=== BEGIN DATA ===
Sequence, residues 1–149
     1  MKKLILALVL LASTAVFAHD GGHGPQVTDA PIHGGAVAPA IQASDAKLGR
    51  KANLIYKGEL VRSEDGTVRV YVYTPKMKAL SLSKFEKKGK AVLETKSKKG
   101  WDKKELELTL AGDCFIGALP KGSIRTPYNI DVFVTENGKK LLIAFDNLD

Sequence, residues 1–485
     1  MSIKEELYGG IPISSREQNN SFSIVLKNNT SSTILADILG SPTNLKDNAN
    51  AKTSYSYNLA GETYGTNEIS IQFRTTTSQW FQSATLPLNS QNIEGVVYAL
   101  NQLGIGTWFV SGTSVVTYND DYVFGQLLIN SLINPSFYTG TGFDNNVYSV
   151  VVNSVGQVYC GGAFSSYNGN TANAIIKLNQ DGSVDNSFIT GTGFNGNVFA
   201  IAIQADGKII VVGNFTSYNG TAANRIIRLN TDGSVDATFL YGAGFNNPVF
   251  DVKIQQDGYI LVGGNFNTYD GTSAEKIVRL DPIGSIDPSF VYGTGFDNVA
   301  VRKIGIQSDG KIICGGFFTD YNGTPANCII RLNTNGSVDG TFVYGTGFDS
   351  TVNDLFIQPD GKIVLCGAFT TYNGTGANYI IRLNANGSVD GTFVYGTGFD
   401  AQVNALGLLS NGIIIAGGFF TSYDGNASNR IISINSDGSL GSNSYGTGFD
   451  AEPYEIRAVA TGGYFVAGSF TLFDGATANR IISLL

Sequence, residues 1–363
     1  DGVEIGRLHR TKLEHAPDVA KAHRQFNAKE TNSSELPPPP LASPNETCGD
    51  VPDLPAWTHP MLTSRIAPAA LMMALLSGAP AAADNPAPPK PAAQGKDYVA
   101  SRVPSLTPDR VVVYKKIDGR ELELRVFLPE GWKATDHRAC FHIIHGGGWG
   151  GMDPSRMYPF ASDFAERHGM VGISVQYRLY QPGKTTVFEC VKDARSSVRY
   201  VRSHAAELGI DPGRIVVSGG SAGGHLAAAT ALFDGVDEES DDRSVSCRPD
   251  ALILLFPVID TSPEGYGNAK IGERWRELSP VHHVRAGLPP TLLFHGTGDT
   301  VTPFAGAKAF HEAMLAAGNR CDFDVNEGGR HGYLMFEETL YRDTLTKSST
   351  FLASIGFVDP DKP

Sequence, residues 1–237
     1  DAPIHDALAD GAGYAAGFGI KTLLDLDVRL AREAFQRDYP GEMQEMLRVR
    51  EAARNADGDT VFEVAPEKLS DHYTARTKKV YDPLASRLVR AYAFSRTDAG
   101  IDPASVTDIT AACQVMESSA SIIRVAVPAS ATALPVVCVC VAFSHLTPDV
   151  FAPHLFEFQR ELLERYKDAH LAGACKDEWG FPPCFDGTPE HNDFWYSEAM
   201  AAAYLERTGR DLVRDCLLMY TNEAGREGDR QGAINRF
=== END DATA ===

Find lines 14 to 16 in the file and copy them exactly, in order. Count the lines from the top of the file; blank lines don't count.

   401  AQVNALGLLS NGIIIAGGFF TSYDGNASNR IISINSDGSL GSNSYGTGFD
   451  AEPYEIRAVA TGGYFVAGSF TLFDGATANR IISLL

Sequence, residues 1–363